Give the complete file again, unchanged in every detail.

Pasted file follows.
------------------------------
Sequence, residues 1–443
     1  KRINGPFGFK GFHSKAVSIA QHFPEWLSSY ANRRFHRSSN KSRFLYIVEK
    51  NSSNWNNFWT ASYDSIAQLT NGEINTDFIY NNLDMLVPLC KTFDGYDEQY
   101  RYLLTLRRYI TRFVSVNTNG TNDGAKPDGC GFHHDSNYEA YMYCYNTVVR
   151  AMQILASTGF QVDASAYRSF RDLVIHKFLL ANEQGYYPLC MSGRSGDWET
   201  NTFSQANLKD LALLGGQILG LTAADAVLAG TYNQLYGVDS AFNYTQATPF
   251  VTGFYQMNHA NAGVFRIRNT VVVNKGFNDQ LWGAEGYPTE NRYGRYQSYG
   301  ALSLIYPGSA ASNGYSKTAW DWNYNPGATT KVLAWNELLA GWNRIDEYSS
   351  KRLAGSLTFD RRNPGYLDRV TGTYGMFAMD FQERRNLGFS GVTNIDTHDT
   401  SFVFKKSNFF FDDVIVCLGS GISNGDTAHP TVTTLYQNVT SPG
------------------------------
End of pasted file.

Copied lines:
Sequence, residues 1–443
     1  KRINGPFGFK GFHSKAVSIA QHFPEWLSSY ANRRFHRSSN KSRFLYIVEK
    51  NSSNWNNFWT ASYDSIAQLT NGEINTDFIY NNLDMLVPLC KTFDGYDEQY
   101  RYLLTLRRYI TRFVSVNTNG TNDGAKPDGC GFHHDSNYEA YMYCYNTVVR
   151  AMQILASTGF QVDASAYRSF RDLVIHKFLL ANEQGYYPLC MSGRSGDWET
   201  NTFSQANLKD LALLGGQILG LTAADAVLAG TYNQLYGVDS AFNYTQATPF
   251  VTGFYQMNHA NAGVFRIRNT VVVNKGFNDQ LWGAEGYPTE NRYGRYQSYG
   301  ALSLIYPGSA ASNGYSKTAW DWNYNPGATT KVLAWNELLA GWNRIDEYSS
   351  KRLAGSLTFD RRNPGYLDRV TGTYGMFAMD FQERRNLGFS GVTNIDTHDT
   401  SFVFKKSNFF FDDVIVCLGS GISNGDTAHP TVTTLYQNVT SPG